One more HP iPAQ Glisten review

HP Glisten review
This time it’s Pocketnow’s turn to posted a review of the HP iPAQ Glisten WM6.5 smartphone. Their conclusion is in line with what other’s have said:

There are a lot of wishes that we have for the iPAQ Glisten, but it’s important to keep in mind that this device isn’t supposed to be flashy and excellent at multimedia playback. If you want that, get the Tilt 2.

For starters we wish that HP would have done something…anything…to change the interface of Windows Mobile. Each and every Windows Phone on the market has some improved home screen interface, plus a couple of pieces of software that are indpendent of what Microosft includes. The Glisten is basically running a clean and tidy installation of Windows Mobile 6.5. That’s it! While this may make the tweakers happy, it provides a drab experience for most users who want something interesting with a little bit of eye candy.

The rest of our gripes have to do with features and qualities that we see in other devices but not in the Glisten. For example, the small and low resolution screen isn’t good enough for a good photo/video experience. Also, swapping out microSD cards isn’t easy and requires you to pop out the battery. But again, it’s likely that the average Glisten user isn’t going to be using the device for multimedia, so these aren’t huge issues.

Read the whole thing here

HP iPAQ Glisten reviews

Here are two reviews of the HP iPAQ Glisten (Obsidian) Windows Mobile 6.5 smartphone. The first one is from Cnet:

It’s been a while since we’ve seen a smartphone from HP here in the United States, but the company’s hoping to shine with its new messaging device for AT&T, called the HP iPaq Glisten. The Windows Mobile 6.5 handset looks decent on paper, offering all the essential features a mobile professional would want in a smartphone: a full range of wireless options, e-mail capabilities with a spacious QWERTY keyboard, and productivity tools. However, after spending some time with the device, we came away feeling completely underwhelmed by the iPaq Glisten. Its AMOLED touch screen should be one of the highlights of the smartphone, but instead, the low-resolution screen and the poor touch interface make it one of the phone’s downfalls. In addition, there’s very little in the way of extras or customization that just makes the smartphone feel drab.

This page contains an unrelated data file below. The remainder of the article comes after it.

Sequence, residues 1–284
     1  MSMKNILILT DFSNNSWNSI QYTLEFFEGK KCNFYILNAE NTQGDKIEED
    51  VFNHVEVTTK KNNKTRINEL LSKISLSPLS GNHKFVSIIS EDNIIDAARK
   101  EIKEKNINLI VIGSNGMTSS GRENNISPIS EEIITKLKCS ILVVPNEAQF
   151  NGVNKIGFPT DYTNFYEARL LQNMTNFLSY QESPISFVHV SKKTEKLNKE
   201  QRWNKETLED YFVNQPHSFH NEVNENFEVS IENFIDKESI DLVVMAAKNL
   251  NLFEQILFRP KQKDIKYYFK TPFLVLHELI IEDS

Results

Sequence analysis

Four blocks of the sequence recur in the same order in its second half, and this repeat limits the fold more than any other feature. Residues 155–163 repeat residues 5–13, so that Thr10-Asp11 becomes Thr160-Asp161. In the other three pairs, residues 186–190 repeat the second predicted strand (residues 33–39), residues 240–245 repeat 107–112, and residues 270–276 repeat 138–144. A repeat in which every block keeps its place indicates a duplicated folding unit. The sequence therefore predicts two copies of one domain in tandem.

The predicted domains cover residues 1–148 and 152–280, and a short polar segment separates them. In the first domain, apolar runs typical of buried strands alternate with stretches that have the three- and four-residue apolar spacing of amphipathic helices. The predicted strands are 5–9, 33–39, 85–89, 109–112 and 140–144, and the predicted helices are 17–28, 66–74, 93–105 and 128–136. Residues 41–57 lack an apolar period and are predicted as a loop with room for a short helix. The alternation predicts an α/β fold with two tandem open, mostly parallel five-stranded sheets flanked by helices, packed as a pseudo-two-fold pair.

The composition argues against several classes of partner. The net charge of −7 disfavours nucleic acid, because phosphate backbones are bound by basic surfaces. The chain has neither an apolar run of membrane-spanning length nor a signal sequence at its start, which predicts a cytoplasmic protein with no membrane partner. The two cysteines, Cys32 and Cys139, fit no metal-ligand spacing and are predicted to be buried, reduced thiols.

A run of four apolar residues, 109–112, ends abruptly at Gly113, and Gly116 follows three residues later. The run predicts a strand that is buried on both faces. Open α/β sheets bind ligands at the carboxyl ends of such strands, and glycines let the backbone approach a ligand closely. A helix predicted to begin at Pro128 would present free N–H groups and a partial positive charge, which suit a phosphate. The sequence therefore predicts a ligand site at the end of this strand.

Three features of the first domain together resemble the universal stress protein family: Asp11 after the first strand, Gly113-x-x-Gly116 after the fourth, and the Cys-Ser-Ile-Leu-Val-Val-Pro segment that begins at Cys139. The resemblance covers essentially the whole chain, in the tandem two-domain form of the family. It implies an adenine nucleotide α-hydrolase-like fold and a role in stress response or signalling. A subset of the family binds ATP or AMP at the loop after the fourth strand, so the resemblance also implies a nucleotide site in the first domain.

For our money, we’d rather give up the touch screen and go with something like the RIM BlackBerry Bold 9700, which offers a sharper screen, faster performance, and costs about $80 less than the iPaq. However, if you’re not a BlackBerry fan or are partial to Windows Mobile, the iPaq Glisten can do the job, just don’t expect a lot of bells and whistles. The HP iPaq Glisten is available now with a two-year contract for $179.99, after a $50 mail-in rebate.

Check it out here

WMExperts have also posted their thoughts about the device:

Glisten review

The size and slightly contoured edges felt good in the hand. I liked the keyboard but wished the top and side controls were raised just a little to make them easier to manipulate. The Glisten zips along nicely running Windows Mobile 6.5 and while it may not have the flash of other Windows phones, I found it to be a very capable Windows phone.

The AMOLED screen grew on me and it has its advantages over the traditional screen (works well outdoors). I don’t think the AMOLED screen is a deal breaker but does add to the phone.

Read it here

Source: Cnet & WMExperts

HP iPAQ Glisten unboxing & hands-on

Engadget posted their hands-on impressions of HP‘s newly launched Windows Mobile 6.5 business smartphone, the iPAQ Glisten.

The screen uses AMOLED technology, which really makes colors pop — it looks nice — but the Glisten clocks in at QVGA resolution, and it’s noticeable. Basically, WinMo 6.5 Professional was clearly never designed to operate on a tiny QVGA display, let alone a landscape-oriented one. This led us straight into minor usability issues throughout the device, from 6.5′s infamous “honeycomb” menu (which looks more ridiculous on this display than on any other we’ve seen) to the home screen, which doesn’t have the spit and polish at QVGA that it does at VGA or WVGA. The main menu here was designed to be flicked through with a finger, but try scrolling it on a finicky resistive display that’s just over an inch and a half tall. We dare you. Fortunately, you’ve got the d-pad — HP doesn’t intend you to navigate screens with touch — but the point is that this UI paradigm shouldn’t exist on this phone at all.